A Havana Park Named After an Unknown Young Man
HAVANA, sept. 12th There are many reasons you go to a park; sometimes, it’s to take a break from walking and to rest, while others go to feel connected to Nature, and find peace and harmony. People also go to the park to talk to friends or have a picnic.
I don’t remember ever having been in Carlos Aguirre Park before, located on Mazon, Aguirre, San Jose and Valle Streets, near the University, and next to the university’s stadium.
It’s a large space, and you can see how the landscape changes from different points.
In the park, there’s a statue of a young man with a beautiful face and elegantly dressed. I can attest that people visiting this park has no idea who he is, or have even gone to the trouble of finding out who he is. It’s a shame that the inscription carved into the stone is illegible.
The water mirror is always dry, and children play and run around inside. This neglect is characteristic of many of Havana’s parks, we sadly observe the poor condition of walls and sidewalks, trees cut down, unkempt foliage, which only receives rainwater.
The park’s history
Carlos Federico Aguirre y Sanchez was born in 1901 to Charles Aguirre, a colonel of the Liberation Army, and Fredesvinda Sanchez, the sister-in-law to Oretes Ferrara, a diplomat who served under President Gerardo Machado and owner of the abode that then became the Napoleon Museum.
He was a very promising young man, who began studying for his university degree at 17 and graduated with a Doctorate in Civil Law by the age of 23, with excellent grades. His parents gave him a trip to Europe as a gift.
It happened in Bayonne, France, on September 2nd, when he watching a bullfight. The stands were burning hot, the sun was at its highest point, and Straus, his friend from the US, was sitting next to him. The sun was bothering the young woman, so Carlos kindly gave her his seat.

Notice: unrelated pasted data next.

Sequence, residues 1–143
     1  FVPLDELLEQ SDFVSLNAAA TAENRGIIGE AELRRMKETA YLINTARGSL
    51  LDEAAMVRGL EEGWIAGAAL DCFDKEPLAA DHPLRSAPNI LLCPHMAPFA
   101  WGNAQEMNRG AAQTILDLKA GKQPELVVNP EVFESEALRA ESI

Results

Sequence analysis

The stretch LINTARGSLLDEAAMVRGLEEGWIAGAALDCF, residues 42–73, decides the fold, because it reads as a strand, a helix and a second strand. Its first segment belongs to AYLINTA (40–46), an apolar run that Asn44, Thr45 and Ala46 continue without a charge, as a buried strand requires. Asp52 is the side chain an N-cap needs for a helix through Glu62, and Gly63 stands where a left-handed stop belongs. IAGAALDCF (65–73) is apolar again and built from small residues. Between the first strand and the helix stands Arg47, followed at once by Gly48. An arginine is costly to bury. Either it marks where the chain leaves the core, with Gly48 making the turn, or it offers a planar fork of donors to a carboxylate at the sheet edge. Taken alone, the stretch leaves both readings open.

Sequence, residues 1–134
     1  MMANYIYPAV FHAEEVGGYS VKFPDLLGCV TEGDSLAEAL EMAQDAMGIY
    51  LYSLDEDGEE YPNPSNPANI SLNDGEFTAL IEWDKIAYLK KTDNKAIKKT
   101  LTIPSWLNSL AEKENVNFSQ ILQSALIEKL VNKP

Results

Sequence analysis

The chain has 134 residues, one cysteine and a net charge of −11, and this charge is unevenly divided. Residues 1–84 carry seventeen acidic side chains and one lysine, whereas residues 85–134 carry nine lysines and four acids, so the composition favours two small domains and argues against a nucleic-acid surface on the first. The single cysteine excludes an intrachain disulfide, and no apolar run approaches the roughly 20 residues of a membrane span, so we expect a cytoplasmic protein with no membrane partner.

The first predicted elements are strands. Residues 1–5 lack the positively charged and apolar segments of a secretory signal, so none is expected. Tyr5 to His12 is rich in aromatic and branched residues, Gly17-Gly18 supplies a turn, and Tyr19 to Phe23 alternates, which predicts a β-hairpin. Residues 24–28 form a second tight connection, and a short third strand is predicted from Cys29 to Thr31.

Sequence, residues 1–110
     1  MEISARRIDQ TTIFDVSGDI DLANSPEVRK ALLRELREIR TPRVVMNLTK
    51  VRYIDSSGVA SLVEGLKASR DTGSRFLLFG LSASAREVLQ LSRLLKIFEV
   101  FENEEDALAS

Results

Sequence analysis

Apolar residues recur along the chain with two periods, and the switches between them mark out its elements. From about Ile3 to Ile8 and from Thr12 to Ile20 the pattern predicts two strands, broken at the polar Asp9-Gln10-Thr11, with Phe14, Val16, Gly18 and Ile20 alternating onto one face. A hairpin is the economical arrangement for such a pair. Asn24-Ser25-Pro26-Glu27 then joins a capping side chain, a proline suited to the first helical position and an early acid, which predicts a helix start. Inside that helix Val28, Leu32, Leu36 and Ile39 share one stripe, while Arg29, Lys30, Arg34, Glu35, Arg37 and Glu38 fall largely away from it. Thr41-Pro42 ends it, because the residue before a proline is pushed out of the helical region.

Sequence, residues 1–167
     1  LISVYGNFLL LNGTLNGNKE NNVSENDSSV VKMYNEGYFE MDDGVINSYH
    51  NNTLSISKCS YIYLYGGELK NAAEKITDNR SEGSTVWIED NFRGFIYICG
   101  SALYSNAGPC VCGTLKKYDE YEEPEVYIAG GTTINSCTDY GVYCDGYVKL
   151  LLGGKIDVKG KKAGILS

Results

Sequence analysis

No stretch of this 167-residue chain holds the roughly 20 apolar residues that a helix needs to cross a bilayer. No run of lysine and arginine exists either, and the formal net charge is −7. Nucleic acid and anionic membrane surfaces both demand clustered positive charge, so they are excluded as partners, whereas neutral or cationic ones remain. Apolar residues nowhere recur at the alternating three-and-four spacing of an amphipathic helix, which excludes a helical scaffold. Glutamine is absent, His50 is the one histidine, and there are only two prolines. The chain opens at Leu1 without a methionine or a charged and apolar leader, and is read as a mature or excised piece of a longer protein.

The bullfighter fixed his eyes on the target, while the crowd fell silent, anxiously waiting. He headed straight for the bull and dug the sword into its nape. The animal began to shake to and fro, trying to get the sword out, and that’s when he managed to shake it loose with his sheer force, throwing it up into the air.
But it struck Carlos straight in the chest, to everyone’s surprise, and Carlos died on the spot. The event became a sensationalist piece of news in local newspapers.
His body was embalmed, and the funeral was held in the Main Hall at Havana University.
His father was so pained by his loss that he wanted to eternalize his memory and ordered a monument to be built at the hands of Italian artist Giovanni Nicolini.
It’s interesting to note that there are two enigmatic plaques under the base: the first is of a desk; the second is of a woman baring her breast and holding a sword; on the lower end, you can see the face of a man with closed eyes.
The original inscription, which I found in a newspaper article, reads:
“To Carlos Aguirre y Sanchez who was taken from us far too soon by an unbelievable tragedy when he was in the prime of his youth. His sharp mind and strong determination were a sign of undeniable grandeur.”